In 1886, huge gold deposits were found in the Transvaal Colony of South Africa. (The Transvaal Colony was originally created by the Boers who left the Cape Colony; it was later annexed by the British in 1877.) Faced with the prospect of epic economic gain, Cecil Rhodes, a British businessman and the Prime Minister of the Cape Colony, tried to get British settlers in the Transvaal to overthrow the Boer Government. The attempt was a total failure, and Rhode's was forced to resign his position. The British, still motivated by gold, began a massive buildup of British forces in the Transvaal. The Boer President Paul Kruger demanded a withdrawal of these troops. When the British refused, the Transvaal and Orange Free State declared war, beginning the First Boer War (1880-1881). Despite having the better-equipped, better-trained, and larger army, the British were harassed by Boer guerilla tactics (seriously, did the British NEVER learn?) and struggled. It was during this conflict that the British introduced and used concentration camps to control the captured population. Of the 60,000 civilians that died during this conflict, over 27,000 white Boers and 14,000 black African allies died in concentration camps. When the British Government realized further action would require a massive troop surge and the war could turn into a costly and drawn-out mess, they ordered a truce... for now. The lure of gold eventually proved too tempting and made it worth committing the vast resources and incurring the huge costs required to win a second war, which broke out in 1899. However, the lessons the British learned during the First Boer War were forgotten 18 years later. As a result, heavy casualties, as well as many setbacks, were incurred before the British were ultimately victorious in the Second Boer War (1899-1902). The Treaty of Vereeniging turned the Transvaal and Orange Free State into full-blown British colonies. In 1910, the four British colonies (Cape Colony, Natal Colony, the Transvaal Colony, and the Orange Free State) were unified to form the Union of South Africa. In 1961, this became the Republic of South Africa.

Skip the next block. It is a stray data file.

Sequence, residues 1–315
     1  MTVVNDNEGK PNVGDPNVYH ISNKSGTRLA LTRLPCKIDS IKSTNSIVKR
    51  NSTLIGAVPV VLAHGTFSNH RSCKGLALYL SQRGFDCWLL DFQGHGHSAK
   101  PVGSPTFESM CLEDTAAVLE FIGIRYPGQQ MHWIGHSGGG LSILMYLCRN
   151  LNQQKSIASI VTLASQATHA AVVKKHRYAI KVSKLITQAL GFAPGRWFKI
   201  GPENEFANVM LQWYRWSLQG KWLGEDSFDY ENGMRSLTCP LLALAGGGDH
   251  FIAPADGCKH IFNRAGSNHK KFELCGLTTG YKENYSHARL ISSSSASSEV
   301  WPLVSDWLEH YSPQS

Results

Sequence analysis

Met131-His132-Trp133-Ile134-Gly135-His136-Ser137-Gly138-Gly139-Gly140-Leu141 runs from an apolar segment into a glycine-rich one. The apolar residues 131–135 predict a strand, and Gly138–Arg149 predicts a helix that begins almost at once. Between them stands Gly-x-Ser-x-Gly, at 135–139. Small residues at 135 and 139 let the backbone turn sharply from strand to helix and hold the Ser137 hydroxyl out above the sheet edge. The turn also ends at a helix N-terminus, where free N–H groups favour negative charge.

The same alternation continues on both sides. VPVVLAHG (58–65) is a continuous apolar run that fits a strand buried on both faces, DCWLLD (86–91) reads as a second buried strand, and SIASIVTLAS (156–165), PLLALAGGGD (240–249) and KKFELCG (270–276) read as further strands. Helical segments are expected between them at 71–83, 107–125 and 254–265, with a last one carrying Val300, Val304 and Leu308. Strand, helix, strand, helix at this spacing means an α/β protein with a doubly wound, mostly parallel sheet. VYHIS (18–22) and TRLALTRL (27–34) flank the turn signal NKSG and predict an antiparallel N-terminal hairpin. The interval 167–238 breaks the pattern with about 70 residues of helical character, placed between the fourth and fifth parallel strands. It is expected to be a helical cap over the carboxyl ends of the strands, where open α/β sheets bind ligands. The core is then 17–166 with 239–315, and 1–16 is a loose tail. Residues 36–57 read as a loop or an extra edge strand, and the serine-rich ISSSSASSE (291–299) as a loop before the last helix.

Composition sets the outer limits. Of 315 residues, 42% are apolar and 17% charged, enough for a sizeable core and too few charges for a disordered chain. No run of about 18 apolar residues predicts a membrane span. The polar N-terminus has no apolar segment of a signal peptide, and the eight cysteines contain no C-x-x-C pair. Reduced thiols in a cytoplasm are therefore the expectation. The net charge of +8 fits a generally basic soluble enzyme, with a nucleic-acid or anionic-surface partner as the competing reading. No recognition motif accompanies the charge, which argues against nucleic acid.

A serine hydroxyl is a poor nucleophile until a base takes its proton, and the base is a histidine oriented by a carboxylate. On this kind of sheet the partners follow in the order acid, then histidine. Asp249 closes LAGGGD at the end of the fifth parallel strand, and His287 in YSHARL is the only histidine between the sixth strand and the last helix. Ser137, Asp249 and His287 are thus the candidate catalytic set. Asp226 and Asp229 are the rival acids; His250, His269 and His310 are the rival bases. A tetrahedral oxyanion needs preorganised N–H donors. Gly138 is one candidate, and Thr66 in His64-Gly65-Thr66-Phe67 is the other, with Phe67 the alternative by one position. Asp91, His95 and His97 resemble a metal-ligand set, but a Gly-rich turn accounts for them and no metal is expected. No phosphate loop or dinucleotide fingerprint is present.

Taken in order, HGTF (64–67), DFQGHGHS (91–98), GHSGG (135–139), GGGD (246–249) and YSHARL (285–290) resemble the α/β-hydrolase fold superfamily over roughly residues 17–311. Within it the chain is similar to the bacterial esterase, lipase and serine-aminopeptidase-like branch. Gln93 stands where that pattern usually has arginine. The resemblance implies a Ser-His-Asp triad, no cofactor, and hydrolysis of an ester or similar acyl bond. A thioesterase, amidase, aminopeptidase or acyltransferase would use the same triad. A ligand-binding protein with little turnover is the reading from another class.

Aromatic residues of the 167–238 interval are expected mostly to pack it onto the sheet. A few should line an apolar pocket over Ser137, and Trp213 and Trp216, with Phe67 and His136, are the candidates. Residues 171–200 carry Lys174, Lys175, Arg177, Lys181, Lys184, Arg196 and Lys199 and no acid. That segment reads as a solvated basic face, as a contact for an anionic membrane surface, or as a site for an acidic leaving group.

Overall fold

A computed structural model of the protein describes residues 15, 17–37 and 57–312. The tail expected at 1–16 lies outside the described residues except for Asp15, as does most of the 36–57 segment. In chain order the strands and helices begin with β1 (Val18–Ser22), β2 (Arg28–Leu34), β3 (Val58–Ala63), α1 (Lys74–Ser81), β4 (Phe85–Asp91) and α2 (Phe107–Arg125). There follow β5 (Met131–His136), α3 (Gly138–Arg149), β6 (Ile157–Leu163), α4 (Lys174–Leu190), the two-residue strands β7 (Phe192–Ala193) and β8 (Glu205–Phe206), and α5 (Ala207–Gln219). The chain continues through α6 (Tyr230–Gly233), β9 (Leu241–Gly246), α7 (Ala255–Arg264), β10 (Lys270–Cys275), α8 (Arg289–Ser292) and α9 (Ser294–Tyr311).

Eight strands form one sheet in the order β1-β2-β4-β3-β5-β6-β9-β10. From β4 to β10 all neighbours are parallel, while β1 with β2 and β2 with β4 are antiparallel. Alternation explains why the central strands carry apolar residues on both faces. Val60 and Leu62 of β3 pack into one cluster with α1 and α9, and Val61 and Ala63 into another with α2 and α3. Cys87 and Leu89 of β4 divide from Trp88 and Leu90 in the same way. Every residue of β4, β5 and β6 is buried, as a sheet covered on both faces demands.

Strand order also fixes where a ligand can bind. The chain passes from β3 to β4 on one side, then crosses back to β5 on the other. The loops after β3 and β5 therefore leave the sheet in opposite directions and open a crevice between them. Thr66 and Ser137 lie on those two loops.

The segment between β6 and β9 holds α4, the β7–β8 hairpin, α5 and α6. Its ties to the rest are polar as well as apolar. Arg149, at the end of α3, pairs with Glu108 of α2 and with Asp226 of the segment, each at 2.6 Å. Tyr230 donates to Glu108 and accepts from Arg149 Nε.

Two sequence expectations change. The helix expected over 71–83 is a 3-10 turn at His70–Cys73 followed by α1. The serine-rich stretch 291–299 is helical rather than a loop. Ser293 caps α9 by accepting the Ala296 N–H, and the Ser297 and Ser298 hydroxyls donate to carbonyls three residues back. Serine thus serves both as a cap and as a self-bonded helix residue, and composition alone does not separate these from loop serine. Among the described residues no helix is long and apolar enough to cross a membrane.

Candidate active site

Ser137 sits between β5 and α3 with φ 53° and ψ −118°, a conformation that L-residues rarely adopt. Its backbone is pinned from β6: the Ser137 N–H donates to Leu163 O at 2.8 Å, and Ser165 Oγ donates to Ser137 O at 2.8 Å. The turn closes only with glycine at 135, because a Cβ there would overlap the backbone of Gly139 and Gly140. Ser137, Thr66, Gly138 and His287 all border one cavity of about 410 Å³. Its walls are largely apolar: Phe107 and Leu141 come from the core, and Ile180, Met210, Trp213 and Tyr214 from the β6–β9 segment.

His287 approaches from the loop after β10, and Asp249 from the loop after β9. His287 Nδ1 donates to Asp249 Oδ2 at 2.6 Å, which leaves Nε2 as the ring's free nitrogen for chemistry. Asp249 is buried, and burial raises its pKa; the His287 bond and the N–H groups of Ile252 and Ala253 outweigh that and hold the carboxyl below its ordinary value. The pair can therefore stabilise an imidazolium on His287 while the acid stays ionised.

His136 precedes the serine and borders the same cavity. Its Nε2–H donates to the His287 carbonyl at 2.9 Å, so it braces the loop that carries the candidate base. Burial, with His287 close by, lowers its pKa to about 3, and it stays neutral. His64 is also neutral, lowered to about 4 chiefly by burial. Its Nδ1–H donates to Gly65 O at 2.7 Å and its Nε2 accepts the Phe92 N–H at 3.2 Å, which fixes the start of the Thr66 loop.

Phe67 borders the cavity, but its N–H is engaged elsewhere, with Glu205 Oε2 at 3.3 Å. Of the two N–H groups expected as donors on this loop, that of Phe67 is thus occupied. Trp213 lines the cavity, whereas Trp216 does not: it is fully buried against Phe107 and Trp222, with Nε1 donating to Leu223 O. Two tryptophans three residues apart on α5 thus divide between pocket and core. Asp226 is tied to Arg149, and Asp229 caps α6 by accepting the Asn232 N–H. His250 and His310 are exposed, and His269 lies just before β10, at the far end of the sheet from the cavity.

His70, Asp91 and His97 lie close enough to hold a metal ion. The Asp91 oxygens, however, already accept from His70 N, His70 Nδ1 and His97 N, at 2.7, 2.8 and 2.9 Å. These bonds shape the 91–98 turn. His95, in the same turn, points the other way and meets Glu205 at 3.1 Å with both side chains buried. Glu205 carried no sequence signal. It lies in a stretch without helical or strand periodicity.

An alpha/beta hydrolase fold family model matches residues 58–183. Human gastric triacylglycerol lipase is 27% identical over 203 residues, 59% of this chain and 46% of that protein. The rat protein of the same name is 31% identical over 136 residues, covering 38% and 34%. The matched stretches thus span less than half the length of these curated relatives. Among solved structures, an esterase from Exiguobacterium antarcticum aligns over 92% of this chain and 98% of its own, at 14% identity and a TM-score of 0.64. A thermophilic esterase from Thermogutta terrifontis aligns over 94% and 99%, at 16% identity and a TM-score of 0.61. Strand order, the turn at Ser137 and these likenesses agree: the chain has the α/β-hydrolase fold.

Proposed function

The country of Sudan in the Nile Valley of North Africa was invaded in 1819 and taken by Egypt. In the 1850s, when Egypt struggled to foot the bill for building the Suez Canal (to connect the Mediterranean and Red Seas), Britain stepped in to help fund the project... in exchange for partial ownership of the canal. (There's the rub...) As the most direct route to India (which was the jewel in the British Empire), the Suez Canal was of strategic importance. As a result, the British began playing an increasing role in Egyptian affairs and in the governing of the Sudan. (Oh, here we go again...) The Sudan region had long housed the institution of slavery, which was controlled principally by slave-trading Arab tribes who had enslaved much of the local population. When Egypt took over Sudan in 1819, it merely taxed the slave trade and didn't do anything to oppose it. As Britain began to have more of a say over what Egypt did, it pressured the Egyptians to prohibit slavery in Sudan. (Slavery had been abolished in the British Empire in 1833.) In the 1870s, a Sudanese Muslim named Muhammad Ahmad preached a renewal of the Islamic faith and pushed for the independence of Sudan. Soon, disgruntled Arab traders angry over the attempt by the British to abolish the slave trade launched a revolt against the Egyptian Government in Sundan. Muhammad then proclaimed himself "The Mahdi", which is the promised redeemer of the Islamic world who rules for seven years before Judgment Day. (According to Islamic tradition, The Mahdi's tenure will coincide with the Second Coming of Jesus Christ... who will assist The Mahdi in battling false prophets.) His followers became known as the Mahdi (with no emphasis on "The"). Concerned by the scale of the uprising, Egypt sent 4,000 troops to the region. The force found the Mahdi poorly clothed, starving, and armed only with sticks and stones. Egyptian overconfidence turned into disaster when the Mahdi launched an assault at dawn and slaughtered every Egyptian. The rebels gained vast amounts of arms and ammunition, military clothing, and other supplies. The Mahdi not only opposed the infidel British but also the Egyptian Government. Their warriors were fanatical, brutal, and fearless, and soon Sudan fell under their influence out of sheer terror. The Egyptian Government now faced a difficult decision of whether to fully intervene... or to leave the country to its fate. Of course, things grew complex when Egypt found itself at war with its "ally" Britain. In 1882, Britain took control of Egypt following the brief Anglo-Egyptian War. With Egypt now largely under British administration, British advisers to the Egyptian Government further examined the seriousness of the Mahdist threat. After the Battle of El Obeid in November 1883 in which only 500 of the 10,000 Egyptians survived, the British Government ordered the remaining Egyptian and British soldiers to retreat. After seeing how brutally the Mahdi treated captured enemies, the British sent a relief force to Sudan's capital city of Khartoum to prevent it from falling into enemy hands. Unfortunately, the relief army arrived at Khartoum several days after it had been taken in January 1885. With Khartoum lost, the British left Sudan in the hands of the Mahdi. (But don't count the Queen out just yet!) Eleven years later, the British resumed their war upon the Mahdi in 1896. Several important things had happened prior to the resumption of hostilities. The Mahdi Muhammad Ahmad had been murdered by one of the women in his harem. Internal disputes caused problems for the Mahdi, and their expansion had been hindered by the Italians in the east and the French in the west. Most importantly for the British, the Egyptian Government itself, which had been worthless during the first war against the Mahdi, was now ready to fully commit to crushing the rebels. On September 2, 1898, combined British and Egyptian forces (numbering 25,000) defeated over 52,000 Mahdists at the Battle of Omdurman. Losing only 47 men KIA, the Anglo-Egyptian Army killed or wounded half of the Mahdi. The Mahdist War (1881-1899) finally came to an end. After the victory, the British set up a new colonial system (called the Anglo-Egyptian Administration), which effectively established British domination over Sudan. This ended with the independence of Sudan in 1956.